How Self-Reflection Influences Use of Cognitive and Analytical Language

Sheila Brownlow*, Emily L. Fogleman and Sophie Hirsch

How Self-Reflection Influences Use of Cognitive and Analytical Language.
In sum, language content and expression reflects cognitive processes in systematic ways. Our question focused on whether systematic differences in analytic and cognitive language is a reflection of temporary emotional states. Our purpose was to examine language complexity and cognition in both content and transmission as a function of affective priming, positing that negative affect would increase rumination as seen in analytic language.

Language that includes causation  as well as personal insight  typically demonstrates a type of cognitive complexity that reflects reasoning and facts, and which relays events in a straightforward way. Negative prompts increased discrepancy, which may reflect counterfactual (“what if?”) thinking. This finding is not surprising given that “should” and “would” are likely good linguistic devices to explain or deconstruct negative events. Justification or post-hoc explanation about what has happened, or perhaps what should be happening or have happened, marked writing about negative behavior.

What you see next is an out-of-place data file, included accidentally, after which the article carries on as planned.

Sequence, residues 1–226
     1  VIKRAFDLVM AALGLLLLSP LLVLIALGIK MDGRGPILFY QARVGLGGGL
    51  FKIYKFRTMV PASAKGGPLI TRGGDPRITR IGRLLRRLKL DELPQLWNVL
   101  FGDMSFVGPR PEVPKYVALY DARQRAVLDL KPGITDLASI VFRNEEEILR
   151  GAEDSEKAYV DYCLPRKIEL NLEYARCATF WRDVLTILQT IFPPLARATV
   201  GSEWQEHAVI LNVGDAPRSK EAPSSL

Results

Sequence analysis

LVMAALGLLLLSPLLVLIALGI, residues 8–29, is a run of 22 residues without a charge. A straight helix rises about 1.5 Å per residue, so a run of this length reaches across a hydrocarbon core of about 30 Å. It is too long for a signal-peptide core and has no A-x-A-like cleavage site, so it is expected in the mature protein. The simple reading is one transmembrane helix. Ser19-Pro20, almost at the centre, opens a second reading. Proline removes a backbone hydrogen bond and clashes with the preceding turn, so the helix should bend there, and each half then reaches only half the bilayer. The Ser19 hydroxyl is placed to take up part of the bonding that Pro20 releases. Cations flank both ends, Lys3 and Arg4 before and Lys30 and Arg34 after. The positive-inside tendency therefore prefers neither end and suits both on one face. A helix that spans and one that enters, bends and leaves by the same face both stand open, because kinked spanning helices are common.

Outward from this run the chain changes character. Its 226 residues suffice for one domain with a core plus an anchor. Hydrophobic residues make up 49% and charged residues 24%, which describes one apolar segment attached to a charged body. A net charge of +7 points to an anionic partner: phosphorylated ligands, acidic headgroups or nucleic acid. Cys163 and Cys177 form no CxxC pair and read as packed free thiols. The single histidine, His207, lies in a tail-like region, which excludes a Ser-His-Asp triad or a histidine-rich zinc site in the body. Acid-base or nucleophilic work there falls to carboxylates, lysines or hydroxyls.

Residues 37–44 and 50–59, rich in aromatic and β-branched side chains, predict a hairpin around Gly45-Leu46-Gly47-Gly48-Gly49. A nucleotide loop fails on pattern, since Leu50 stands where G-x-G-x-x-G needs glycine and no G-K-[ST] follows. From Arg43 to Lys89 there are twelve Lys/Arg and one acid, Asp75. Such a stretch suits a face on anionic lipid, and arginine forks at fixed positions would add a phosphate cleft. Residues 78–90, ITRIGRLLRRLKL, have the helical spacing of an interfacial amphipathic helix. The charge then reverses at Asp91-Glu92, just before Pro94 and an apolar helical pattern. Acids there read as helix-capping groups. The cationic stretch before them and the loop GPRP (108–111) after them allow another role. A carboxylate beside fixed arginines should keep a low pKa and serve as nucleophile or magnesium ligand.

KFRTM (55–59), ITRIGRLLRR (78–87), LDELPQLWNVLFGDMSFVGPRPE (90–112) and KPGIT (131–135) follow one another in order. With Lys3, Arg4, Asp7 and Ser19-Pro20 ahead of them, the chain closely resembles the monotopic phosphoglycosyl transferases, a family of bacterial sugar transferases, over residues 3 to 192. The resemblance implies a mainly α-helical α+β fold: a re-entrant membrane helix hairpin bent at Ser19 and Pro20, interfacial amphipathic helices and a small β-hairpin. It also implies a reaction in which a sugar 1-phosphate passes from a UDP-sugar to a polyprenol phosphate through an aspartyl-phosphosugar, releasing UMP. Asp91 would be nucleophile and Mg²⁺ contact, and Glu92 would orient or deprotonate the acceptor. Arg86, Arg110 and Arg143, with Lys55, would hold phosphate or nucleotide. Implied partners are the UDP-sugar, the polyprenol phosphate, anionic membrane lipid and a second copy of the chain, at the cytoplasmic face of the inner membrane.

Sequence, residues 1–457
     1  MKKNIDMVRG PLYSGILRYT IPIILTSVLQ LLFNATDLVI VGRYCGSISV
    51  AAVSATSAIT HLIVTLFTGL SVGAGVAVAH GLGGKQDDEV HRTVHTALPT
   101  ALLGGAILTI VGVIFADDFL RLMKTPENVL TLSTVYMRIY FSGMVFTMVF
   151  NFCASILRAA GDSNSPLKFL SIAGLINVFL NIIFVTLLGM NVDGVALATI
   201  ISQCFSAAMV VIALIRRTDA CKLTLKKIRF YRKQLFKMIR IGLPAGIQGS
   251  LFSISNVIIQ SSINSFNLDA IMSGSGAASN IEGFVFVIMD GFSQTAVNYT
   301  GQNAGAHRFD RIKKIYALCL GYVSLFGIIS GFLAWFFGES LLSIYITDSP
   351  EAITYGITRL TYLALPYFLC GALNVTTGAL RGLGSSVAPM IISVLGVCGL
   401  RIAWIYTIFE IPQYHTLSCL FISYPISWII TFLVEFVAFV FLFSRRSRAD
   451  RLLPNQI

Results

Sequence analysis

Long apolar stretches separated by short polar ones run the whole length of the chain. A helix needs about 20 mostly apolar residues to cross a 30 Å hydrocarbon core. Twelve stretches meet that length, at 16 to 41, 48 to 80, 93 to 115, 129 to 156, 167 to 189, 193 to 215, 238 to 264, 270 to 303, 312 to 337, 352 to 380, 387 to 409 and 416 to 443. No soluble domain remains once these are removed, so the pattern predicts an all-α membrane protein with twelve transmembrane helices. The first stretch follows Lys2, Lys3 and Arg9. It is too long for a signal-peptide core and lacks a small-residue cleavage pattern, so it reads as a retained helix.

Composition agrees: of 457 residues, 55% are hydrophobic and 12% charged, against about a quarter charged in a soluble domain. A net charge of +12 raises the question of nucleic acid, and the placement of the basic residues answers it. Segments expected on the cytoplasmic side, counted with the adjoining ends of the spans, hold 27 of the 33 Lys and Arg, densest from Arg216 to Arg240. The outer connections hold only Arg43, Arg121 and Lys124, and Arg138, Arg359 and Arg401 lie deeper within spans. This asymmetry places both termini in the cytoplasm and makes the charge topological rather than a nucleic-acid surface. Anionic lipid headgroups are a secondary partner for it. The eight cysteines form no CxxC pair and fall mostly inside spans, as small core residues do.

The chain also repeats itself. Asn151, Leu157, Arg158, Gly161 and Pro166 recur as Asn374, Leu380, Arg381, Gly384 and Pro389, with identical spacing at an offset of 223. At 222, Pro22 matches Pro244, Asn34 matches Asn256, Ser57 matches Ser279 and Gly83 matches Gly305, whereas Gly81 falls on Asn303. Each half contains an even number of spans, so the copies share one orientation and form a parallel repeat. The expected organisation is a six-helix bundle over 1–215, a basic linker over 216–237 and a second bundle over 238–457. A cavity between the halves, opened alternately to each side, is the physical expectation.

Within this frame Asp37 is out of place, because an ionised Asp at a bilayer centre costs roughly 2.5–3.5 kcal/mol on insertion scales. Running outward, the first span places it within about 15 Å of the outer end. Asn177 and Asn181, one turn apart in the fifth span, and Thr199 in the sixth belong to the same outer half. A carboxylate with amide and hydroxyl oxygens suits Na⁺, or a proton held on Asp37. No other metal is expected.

A different way employs the linguistic inquiry and word count, a computer program that distributes both the content of speech, as well as the manner of expression, into predetermined
categories. These categories are the result of hundreds of studies that have included more than 80,000 writers or speakers who have produced over 200 million words in a wide variety of contexts.

The diverse samples include speeches and social media posts, novels and plays, essays and articles, and personal narratives written both spontaneously and under specific directions. Moreover, this sort of language likely did not include fillers because the narrative was fairly well-known.

Psychol Cogn Sci Open J. 2020; 6(1): 11-14. doi: 10.17140/PCSOJ-6-154